Although most visitors to Sirince go for the day, a few hotels attract independent travellers looking for an authentic Turkish experience away from typical holiday resorts. These restored hotels focused on original décor and design, therefore perfectly reflecting the cultural heritage of Sirince. Nisanyan Hotel is a shining example. Spread over numerous buildings, the restored houses and cottages give customers the feeling of a home from home in a traditional village of Turkey. Tall stonewalls, large roaring fireplaces and wooden verandas all lend to an interior décor theme based on authenticity. Sirince Eveleri is another quirky hotel filled to the brim with antique pieces from around Turkey.  

Sirince hotel


5: Delicious Turkish Food

Despite the popularity with foreign visitors, Sirince has held tight onto their cultural influences including good old-fashioned Traditional Turkish food. Around the village, restaurants serve good Turkish food at affordable prices. Artemis Restaurant is the most famous and oldest. Every day, large coaches of tourists pull up for a sumptuous buffet lunch. We recommend trying mezes (appetisers) including hummus, eggplant salad, sautéed vegetables, olives, and crusty bread. Anyone who is feeling slightly peckish should also try Menemen, a brunch dish made from tomatoes, peppers, onions, and eggs.

Sirince restaurant Turkey


6: A Shopping Bazaar and Locally Made Souvenirs

It is quite impossible to come away from Sirince without buying souvenirs. Naturally being far away, from major shopping centres, for centuries, locals have made their own goods and now sell them to tourists. Olive oil soap, cotton tablecloths, homemade jams; pickled vegetables are to name but a few of items for sale. The central bazaar is the best place for variety because a large choice is for sale. Also indulge in homemade Turkish ice cream and fresh juice, taken from fruit grown in the nearby orchards.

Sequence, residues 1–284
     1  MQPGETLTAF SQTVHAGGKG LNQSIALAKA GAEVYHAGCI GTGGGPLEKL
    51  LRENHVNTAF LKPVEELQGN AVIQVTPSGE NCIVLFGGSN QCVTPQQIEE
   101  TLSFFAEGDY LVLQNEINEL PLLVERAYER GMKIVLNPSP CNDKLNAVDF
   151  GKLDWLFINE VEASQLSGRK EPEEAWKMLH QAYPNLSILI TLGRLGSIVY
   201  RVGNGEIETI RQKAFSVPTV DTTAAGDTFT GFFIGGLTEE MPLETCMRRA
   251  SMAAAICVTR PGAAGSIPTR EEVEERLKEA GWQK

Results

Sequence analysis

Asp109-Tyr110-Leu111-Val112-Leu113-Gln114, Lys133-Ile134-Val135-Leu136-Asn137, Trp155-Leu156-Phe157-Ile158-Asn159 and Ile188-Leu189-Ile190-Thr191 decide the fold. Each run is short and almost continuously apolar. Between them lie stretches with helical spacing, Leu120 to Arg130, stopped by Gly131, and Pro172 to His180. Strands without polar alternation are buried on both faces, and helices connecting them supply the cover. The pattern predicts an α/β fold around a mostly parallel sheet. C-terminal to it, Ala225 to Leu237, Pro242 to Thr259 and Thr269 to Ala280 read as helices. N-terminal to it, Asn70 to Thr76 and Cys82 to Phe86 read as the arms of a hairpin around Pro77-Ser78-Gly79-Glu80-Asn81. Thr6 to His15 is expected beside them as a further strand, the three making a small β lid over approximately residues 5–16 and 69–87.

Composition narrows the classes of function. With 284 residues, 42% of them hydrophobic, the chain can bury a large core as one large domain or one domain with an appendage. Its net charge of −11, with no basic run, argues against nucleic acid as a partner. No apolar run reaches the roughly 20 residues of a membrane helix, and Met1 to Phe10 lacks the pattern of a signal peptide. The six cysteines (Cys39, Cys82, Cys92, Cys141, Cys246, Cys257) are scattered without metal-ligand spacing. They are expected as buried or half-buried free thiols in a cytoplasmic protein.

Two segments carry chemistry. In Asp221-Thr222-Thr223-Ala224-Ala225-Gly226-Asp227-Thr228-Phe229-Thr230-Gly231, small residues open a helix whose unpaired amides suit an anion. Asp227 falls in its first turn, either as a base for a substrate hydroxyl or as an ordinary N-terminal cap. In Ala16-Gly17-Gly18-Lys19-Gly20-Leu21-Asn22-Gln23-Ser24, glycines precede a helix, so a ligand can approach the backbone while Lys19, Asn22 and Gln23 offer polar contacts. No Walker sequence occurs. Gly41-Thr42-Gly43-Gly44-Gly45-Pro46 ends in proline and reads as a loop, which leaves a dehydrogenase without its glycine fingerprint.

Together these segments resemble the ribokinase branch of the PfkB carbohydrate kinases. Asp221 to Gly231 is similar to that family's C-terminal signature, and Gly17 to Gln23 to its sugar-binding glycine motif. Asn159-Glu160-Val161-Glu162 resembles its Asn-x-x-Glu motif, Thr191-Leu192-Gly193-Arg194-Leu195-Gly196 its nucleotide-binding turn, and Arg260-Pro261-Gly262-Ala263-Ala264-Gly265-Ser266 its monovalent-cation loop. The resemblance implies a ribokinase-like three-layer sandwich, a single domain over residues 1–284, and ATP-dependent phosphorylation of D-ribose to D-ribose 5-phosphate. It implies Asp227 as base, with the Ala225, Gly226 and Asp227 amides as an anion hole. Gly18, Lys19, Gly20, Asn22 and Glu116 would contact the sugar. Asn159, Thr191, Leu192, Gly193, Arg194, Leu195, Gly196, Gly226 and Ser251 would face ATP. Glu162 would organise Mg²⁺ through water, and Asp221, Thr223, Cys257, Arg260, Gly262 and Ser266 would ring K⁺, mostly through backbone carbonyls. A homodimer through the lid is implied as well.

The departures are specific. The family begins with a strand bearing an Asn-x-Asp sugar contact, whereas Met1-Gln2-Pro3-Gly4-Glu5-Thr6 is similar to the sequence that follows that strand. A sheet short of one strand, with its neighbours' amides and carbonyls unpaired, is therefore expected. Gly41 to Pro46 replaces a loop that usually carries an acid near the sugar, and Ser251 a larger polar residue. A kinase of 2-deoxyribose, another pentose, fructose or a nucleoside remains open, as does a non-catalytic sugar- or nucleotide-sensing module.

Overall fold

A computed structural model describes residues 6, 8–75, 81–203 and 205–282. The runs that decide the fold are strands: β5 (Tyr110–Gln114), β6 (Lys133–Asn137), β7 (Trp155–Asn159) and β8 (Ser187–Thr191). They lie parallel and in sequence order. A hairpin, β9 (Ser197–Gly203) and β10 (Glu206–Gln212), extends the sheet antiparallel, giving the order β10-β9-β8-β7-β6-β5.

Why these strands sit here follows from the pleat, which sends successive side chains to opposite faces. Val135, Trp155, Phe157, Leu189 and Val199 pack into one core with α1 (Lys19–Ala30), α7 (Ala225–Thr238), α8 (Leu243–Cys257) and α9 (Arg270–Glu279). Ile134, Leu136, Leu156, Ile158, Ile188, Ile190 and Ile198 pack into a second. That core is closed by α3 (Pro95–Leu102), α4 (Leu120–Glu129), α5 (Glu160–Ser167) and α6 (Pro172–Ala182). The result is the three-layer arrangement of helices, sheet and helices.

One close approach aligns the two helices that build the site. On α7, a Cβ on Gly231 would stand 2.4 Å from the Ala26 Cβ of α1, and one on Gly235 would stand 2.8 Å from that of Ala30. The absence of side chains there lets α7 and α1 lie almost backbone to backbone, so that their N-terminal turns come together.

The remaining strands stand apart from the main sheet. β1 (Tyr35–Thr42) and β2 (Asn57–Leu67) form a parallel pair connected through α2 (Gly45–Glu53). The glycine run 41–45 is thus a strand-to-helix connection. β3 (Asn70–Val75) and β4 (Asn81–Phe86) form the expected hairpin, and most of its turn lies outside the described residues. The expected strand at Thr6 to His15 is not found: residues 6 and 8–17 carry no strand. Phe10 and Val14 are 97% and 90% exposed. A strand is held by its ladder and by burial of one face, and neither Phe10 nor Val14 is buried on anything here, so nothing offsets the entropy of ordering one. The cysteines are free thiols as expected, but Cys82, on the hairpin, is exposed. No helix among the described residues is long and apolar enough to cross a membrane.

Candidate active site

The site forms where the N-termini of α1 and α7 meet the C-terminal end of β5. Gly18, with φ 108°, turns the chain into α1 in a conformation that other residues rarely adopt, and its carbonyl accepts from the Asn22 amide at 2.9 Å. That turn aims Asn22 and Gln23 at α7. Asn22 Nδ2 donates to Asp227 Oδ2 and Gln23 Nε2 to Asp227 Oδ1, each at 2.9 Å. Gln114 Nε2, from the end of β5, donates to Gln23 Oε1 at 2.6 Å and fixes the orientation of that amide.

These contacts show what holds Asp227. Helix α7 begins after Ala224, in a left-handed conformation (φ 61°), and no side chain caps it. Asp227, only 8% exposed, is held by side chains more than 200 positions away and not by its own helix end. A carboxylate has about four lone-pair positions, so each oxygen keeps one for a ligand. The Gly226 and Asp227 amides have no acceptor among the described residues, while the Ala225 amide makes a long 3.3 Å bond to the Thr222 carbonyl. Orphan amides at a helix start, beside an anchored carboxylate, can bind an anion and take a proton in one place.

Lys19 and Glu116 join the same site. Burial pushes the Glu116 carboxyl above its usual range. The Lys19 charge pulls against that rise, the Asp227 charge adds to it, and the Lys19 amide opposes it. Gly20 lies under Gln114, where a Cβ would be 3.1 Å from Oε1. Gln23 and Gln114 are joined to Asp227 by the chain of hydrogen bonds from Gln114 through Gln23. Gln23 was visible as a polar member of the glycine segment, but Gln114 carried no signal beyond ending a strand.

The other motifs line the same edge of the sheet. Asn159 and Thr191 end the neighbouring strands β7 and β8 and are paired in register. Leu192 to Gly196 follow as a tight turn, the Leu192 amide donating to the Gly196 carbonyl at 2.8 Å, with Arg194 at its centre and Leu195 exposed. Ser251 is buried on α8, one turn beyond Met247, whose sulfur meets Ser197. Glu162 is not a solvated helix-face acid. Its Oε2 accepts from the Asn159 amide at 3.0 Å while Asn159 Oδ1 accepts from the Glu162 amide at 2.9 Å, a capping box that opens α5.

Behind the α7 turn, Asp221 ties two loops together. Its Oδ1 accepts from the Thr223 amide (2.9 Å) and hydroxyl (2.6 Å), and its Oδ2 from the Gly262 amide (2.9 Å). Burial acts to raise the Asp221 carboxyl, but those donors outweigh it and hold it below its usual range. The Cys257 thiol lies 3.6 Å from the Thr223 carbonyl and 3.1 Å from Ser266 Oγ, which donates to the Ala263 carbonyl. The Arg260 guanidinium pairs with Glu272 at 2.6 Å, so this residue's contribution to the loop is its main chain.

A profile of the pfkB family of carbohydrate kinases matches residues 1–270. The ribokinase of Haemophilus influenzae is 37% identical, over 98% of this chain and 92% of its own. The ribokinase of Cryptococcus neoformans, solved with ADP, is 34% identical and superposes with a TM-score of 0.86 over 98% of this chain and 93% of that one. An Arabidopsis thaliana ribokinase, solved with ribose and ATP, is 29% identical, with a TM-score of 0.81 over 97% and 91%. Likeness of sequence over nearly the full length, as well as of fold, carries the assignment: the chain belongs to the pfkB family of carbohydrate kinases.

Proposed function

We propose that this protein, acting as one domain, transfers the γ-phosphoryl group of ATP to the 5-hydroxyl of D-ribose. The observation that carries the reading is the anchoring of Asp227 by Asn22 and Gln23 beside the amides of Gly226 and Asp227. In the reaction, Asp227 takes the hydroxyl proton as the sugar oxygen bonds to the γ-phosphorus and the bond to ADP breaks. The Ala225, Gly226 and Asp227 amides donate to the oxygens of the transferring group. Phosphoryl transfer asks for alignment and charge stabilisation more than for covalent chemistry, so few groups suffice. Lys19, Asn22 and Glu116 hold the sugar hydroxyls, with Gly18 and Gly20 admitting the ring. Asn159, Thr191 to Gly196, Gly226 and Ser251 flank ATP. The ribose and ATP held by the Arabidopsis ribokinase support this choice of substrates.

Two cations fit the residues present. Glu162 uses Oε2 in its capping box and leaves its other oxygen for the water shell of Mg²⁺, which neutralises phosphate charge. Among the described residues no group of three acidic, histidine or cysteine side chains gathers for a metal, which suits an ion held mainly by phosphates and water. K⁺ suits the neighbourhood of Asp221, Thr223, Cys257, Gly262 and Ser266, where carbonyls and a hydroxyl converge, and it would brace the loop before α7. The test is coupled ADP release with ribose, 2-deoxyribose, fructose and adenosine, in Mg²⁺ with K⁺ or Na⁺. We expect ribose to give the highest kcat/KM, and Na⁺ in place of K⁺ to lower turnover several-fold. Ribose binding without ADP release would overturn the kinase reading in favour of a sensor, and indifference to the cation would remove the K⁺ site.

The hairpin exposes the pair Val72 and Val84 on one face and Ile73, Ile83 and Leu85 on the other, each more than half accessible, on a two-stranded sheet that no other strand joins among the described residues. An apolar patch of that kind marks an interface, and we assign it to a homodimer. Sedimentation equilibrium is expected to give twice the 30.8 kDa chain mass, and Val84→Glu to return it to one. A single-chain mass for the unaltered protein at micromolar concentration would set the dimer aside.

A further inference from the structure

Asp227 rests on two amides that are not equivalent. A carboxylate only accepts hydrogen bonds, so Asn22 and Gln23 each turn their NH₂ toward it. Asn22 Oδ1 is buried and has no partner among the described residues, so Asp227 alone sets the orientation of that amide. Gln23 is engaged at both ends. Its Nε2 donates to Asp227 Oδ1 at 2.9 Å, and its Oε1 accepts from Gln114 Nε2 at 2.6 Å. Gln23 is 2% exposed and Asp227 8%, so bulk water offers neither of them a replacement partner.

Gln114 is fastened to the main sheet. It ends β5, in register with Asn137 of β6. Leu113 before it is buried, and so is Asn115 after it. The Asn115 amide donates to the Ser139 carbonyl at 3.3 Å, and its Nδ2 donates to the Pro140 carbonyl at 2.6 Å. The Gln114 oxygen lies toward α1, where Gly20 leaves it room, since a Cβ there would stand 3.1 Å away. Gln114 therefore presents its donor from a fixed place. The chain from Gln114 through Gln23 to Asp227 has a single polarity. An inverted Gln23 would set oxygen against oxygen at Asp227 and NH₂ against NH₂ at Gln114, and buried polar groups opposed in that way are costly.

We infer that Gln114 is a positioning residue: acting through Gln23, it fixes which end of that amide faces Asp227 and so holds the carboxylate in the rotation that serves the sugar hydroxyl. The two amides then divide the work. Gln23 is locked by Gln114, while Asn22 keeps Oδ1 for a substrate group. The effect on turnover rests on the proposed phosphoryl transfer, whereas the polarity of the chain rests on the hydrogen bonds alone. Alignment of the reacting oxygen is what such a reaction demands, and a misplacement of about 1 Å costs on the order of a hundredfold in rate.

Sirince Bazaar


7: Amazing Landscape Views

Due to its elevated position, landscape views from Sirince views are worthy of gracing the pages of any major travel magazine. Running into the distance and disappearing on the horizon, they include orchards and land farmed by inherently self-sufficient locals. Hikers and trekkers often hire local guide knowledgeable in flora and fauna of the area to guide them a day trek. Alternatively, in certain months, at the entrance to the village, locals also sell horse rides as another method of exploring.  

Sirince wine village views


8: Enjoy Tasting Sessions of Home Made Fruit Wine

Sirince is world famous for its homemade wines, produced since the 18th century. Rather than just using grapes, they garner unusual flavours from fruit grown in the surrounding orchards. The result is an incredible array of flavours to sample in a wine tasting session, available at most shops. Pomegranate, blueberry, apple, strawberry, raspberry, and plum are a few examples. Some people say the wine is heavily concentrated, so they dilute it with lemonade, but as they would say in Turkey, enjoy your drink!

Sirince glass maker


Note: How to Get to Sirince

Local buses do not run to the village so many people opt for a private or groups guided tour from the nearby towns of Kusadasi and Selcuk. Alternatively, hire a car and follow road signs to spend the day leisurely at your own pace. Car parking facilities are available at the entrance to the village.